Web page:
Release Date: March, 1985 Directed by: Andy Sidaris Written by: Andy Sidaris Music by: Henry Strzelecki Cast: Darby Hinton, Sybil Danning, Lynda Wiesmeier, Lori Sutton, Art Metrano, Shelley Taylor Morgan, Regis Philbin, Joy Philbin
Andy Sidaris Company, Malibu Bay Films, 105 Minutes
“Did you hear that she got raped this afternoon by two homosexuals? One held her down and the other one did her hair.” – Liza Chamberlain
I’ve wanted to watch Andy Sidaris’ movies for quite awhile, especially this one and Hard Ticket to Hawaii. Luckily, I found the entire collection of his twelve films on Amazon for nine bucks. Yes, nine bucks! It’s a fucking steal! Buy it!
Well, that is unless you don’t like goofy action comedies with Playboy Playmates, cool dudes with guns and fast cars, as well as crime stories littered with bumbling, idiot criminals.
These films also feature stunts, lots of vehicles and budgets so low that over-the-top special effects have to be crafted out of chicken shit and dirt.
Malibu Express may be the biggest budget film of the lot (adjusted for inflation) and it doesn’t fall victim to as minuscule of a budget as the other films that came later but it’s definitely not “big budget” and had to cut corners and trim unnecessary fat.
Sidaris and his crew still did the best with what they had and the look of the production is more akin to a moderately budgeted action TV series of the ’80s, as opposed to looking like something made for less than the cost of a small house in the Hollywood Hills.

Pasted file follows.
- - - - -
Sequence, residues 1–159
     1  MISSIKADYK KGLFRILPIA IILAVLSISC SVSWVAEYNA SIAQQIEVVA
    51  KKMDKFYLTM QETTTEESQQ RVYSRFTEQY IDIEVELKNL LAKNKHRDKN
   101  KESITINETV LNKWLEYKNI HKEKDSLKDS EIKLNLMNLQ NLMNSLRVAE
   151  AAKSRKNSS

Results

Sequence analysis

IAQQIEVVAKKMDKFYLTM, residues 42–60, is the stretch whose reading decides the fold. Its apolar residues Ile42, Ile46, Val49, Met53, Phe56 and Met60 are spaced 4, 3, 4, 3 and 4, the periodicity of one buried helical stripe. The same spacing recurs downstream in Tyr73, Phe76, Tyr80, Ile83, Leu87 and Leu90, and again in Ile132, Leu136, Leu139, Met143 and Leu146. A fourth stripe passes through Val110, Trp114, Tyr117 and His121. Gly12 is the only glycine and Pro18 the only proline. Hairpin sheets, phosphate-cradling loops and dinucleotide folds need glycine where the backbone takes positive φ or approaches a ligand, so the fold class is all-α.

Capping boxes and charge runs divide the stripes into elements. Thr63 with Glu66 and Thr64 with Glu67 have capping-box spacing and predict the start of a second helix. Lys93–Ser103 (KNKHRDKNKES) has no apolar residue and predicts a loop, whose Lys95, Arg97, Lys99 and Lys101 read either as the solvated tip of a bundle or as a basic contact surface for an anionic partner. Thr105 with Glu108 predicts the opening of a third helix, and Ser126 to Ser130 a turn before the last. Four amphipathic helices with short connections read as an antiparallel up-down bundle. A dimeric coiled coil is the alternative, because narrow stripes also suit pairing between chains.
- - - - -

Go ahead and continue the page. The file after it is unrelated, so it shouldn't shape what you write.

I love the lead, Darby Hinton. I also love all the beautiful women that are often times devoid of clothes. Plus, this has Art Metrano in it. I only really know him as Mauser from the Police Academy movies but I’ve loved that guy my entire life. Add in Sybil Danning and this is a solid mix of fun talent in a fun movie that’s amusing and high octane.
Sure, this is low brow schlock that got shoved into drive-in theaters and budget movie houses but it’s also what I would call an ’80s VHS classic. And frankly, that makes this the type of action comedy I tend to love.
I can’t say that I was impressed by Malibu Express but I can say that it didn’t disappoint me or leave me with buyer’s remorse. It’s pretty much exactly what I thought it would be.
Rating: 6.25/10 Pairs well with: the other eleven films in Andy Sidaris’ Triple B Series, as well as the American films of Iranian director Amir Shervan.